The emotional impact of European tobacco-warning images

The emotional impact of the tobacco-warning images proposed by the European Commission to reduce tobacco consumption is evaluated in the context of the International Affective Picture System, a well-established procedure for investigating appetitive (approach) and defensive (avoidance) motivational tendencies evoked by images.

marlboro Smoking Man

A man lighting up a Marlboro cigarette

In a cross-sectional study, 597 healthy male and female volunteers (from the University of Granada, the University of Balearic Islands and four different schools of Valencia and Balearic Islands) distributed in six age groups (13–14, 15–16, 17–18, 19–20, 21–22 and over 23 years old) and four smoking status groups (non-smokers, one-time smokers, occasional smokers and heavy smokers) rated their emotional responses to 35 European tobacco-warning images together with 42 pleasant and 42 unpleasant International Affective Picture System pictures using the valence and arousal scales of the Self-Assessment Manikin.

The results of the study indicate that the majority of the tobacco-warning images (83%) were distributed within the unpleasant space and ranged from moderately unpleasant to very unpleasant. However, a small but significant number of images (17%) were also distributed within the pleasant space, ranging from moderately pleasant to very pleasant. Only four unpleasant pictures were rated as highly arousing (11.4%). Women, the older age groups (over 17 years old), and occasional smokers evaluated these images as significantly more arousing than the other groups.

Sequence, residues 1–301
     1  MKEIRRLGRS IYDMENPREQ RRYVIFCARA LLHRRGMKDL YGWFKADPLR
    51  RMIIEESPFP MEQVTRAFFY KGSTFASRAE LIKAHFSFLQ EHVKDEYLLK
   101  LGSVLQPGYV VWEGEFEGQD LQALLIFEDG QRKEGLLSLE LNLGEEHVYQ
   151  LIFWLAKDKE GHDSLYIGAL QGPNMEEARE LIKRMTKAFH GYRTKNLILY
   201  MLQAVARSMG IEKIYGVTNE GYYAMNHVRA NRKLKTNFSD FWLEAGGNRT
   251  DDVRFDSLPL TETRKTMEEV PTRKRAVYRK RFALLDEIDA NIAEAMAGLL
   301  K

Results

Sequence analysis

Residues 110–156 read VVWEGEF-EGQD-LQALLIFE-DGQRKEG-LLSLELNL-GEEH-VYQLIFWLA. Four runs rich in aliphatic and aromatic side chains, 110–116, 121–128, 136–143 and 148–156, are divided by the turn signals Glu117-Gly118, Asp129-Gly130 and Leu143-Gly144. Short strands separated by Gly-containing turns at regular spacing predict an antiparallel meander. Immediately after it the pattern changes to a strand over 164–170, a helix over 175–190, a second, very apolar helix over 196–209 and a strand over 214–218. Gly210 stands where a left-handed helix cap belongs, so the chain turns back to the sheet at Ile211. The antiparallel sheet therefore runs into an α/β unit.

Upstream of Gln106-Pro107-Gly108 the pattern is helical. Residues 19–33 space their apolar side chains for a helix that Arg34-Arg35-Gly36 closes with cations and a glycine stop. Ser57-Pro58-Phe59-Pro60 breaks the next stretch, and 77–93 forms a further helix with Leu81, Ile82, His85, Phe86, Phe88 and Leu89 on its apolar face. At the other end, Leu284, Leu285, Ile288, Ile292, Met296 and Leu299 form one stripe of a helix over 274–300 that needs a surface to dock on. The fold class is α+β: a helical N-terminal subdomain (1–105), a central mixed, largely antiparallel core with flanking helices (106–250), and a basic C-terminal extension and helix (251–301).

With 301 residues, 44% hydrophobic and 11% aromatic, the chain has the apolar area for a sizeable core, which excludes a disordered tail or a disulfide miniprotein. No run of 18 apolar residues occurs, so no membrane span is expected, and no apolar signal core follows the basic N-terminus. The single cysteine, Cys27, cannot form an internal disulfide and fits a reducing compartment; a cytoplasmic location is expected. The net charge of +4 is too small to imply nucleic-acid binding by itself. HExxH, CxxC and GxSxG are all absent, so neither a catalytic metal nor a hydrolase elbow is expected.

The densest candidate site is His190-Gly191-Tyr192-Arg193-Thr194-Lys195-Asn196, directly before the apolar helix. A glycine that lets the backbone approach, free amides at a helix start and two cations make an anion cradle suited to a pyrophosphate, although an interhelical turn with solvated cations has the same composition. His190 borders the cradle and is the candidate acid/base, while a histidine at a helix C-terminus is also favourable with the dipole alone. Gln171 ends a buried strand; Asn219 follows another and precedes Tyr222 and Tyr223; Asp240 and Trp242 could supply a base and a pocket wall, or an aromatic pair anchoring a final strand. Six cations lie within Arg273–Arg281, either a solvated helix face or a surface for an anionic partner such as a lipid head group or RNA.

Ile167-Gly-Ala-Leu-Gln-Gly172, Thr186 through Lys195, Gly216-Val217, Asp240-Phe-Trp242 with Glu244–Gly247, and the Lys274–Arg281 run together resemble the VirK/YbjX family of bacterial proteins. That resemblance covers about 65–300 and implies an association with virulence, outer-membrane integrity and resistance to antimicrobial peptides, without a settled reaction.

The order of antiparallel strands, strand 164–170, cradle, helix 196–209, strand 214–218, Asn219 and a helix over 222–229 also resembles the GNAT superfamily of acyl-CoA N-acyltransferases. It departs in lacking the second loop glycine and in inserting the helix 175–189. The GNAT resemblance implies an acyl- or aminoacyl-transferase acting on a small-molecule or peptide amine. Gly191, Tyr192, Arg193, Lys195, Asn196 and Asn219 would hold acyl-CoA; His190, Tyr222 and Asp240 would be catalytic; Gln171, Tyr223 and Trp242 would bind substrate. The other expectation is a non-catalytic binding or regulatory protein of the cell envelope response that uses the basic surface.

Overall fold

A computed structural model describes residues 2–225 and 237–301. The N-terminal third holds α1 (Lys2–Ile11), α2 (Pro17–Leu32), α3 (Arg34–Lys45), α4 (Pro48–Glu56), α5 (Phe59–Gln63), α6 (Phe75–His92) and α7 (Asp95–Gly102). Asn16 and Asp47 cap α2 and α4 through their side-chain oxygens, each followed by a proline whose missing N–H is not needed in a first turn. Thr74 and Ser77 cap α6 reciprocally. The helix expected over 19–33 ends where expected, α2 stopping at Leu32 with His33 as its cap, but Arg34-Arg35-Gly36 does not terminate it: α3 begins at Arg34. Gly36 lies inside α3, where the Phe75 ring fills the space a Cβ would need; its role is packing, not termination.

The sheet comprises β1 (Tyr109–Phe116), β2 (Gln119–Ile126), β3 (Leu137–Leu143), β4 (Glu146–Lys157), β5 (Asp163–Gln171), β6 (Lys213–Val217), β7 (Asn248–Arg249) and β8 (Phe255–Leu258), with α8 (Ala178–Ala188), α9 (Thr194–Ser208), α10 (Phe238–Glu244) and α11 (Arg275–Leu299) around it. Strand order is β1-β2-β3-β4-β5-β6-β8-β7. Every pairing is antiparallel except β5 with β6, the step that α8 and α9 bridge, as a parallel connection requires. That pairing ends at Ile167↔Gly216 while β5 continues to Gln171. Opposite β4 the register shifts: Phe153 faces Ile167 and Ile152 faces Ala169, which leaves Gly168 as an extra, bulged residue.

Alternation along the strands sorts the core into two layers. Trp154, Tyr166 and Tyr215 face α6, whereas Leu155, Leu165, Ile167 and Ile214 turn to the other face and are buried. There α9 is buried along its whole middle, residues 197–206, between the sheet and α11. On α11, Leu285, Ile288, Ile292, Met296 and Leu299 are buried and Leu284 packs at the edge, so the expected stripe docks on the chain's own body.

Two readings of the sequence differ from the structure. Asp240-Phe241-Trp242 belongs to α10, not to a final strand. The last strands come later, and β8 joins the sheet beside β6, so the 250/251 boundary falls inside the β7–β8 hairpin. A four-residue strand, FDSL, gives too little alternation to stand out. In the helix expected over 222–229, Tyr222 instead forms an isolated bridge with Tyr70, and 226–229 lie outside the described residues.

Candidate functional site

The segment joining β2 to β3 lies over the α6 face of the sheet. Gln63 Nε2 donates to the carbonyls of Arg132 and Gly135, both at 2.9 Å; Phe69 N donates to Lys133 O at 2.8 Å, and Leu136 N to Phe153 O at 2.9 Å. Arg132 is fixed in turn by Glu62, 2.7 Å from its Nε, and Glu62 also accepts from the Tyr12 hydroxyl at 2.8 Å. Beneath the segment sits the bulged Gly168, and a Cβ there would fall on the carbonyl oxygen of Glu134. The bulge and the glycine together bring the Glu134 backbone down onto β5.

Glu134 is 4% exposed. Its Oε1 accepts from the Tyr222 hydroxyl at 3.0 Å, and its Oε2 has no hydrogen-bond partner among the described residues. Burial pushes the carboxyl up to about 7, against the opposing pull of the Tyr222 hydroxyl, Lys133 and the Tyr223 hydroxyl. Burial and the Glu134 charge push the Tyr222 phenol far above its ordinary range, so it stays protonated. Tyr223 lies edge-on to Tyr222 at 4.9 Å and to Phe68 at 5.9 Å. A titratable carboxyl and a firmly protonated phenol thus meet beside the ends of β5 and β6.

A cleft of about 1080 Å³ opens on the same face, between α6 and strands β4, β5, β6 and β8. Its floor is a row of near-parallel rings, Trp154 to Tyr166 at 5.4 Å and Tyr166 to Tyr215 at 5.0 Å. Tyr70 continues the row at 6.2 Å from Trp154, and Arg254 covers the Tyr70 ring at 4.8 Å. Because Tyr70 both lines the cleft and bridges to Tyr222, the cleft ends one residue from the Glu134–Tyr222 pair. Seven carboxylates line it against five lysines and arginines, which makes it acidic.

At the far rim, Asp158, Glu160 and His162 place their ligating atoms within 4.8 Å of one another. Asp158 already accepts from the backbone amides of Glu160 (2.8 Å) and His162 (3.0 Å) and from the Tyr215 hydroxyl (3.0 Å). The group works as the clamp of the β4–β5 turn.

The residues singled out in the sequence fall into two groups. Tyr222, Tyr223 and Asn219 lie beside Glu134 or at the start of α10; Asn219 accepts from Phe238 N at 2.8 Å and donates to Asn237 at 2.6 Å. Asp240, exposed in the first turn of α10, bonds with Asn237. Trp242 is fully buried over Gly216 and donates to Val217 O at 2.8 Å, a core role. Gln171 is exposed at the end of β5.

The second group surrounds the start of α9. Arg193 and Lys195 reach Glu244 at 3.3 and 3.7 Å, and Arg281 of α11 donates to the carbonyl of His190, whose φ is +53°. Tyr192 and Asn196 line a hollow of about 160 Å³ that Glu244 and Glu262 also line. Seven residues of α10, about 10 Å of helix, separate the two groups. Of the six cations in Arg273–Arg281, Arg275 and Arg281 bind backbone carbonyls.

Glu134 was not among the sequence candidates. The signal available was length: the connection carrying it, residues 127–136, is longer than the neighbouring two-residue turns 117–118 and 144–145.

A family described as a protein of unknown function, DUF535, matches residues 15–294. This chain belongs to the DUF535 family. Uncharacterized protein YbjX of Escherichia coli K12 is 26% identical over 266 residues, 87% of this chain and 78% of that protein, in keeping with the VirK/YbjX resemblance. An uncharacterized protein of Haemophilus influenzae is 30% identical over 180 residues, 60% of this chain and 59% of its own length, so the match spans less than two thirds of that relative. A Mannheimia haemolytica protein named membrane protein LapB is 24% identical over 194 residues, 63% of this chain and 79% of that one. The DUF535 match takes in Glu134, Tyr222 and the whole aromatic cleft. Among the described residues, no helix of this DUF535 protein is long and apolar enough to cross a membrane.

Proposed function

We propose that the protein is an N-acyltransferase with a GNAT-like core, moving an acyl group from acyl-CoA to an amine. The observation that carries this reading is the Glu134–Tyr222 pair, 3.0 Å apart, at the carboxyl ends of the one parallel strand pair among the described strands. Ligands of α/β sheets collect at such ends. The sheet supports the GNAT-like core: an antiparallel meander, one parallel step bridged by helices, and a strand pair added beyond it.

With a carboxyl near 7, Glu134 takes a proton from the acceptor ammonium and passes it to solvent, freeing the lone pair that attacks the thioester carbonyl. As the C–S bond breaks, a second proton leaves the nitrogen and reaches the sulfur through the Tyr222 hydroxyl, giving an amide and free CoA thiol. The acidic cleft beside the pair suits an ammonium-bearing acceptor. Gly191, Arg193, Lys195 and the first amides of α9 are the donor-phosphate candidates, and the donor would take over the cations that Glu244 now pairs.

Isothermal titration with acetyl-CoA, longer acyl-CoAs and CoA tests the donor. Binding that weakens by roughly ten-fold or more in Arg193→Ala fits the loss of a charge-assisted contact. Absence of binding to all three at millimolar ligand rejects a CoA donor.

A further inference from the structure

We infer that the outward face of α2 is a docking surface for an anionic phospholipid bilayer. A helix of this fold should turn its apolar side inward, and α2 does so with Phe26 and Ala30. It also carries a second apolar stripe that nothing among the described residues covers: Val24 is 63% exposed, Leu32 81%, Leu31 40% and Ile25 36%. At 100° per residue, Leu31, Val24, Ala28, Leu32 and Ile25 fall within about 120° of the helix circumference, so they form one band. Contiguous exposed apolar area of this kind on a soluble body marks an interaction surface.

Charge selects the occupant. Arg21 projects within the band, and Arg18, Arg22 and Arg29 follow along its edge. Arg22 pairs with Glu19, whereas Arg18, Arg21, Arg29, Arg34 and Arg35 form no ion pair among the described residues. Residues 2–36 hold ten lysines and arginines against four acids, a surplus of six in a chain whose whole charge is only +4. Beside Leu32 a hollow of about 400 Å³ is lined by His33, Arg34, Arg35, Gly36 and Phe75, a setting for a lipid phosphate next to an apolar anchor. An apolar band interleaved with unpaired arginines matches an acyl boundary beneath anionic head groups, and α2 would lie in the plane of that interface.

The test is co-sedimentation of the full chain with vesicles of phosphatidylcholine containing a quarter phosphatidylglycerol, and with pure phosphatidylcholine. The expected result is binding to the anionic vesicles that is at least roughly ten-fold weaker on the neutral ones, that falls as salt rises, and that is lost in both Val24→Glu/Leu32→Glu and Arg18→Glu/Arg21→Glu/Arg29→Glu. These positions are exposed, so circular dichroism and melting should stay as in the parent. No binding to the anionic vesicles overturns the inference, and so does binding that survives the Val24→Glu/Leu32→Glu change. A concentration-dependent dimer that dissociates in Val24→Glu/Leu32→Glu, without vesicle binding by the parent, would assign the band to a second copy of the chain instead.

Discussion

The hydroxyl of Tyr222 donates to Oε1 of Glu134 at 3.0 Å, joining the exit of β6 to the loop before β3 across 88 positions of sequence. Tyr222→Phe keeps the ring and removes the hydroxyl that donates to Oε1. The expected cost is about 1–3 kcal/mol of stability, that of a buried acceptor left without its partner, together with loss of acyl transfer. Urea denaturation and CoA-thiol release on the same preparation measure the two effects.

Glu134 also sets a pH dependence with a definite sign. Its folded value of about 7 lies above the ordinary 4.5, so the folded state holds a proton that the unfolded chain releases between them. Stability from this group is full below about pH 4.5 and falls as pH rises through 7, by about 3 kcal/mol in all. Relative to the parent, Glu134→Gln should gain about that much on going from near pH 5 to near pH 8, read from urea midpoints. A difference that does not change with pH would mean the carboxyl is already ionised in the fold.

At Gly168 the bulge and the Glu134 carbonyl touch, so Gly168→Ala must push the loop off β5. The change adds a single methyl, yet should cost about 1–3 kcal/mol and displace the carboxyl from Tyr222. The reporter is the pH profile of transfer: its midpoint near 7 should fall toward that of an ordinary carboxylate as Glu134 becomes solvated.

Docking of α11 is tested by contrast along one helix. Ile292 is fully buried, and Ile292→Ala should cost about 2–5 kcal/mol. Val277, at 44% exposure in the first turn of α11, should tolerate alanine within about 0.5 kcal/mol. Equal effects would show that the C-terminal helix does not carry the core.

Findings suggest that the capability of the European tobacco-warning images to prompt negative attitudes to reduce tobacco consumption might not extend to the general population but would be limited to specific target groups.

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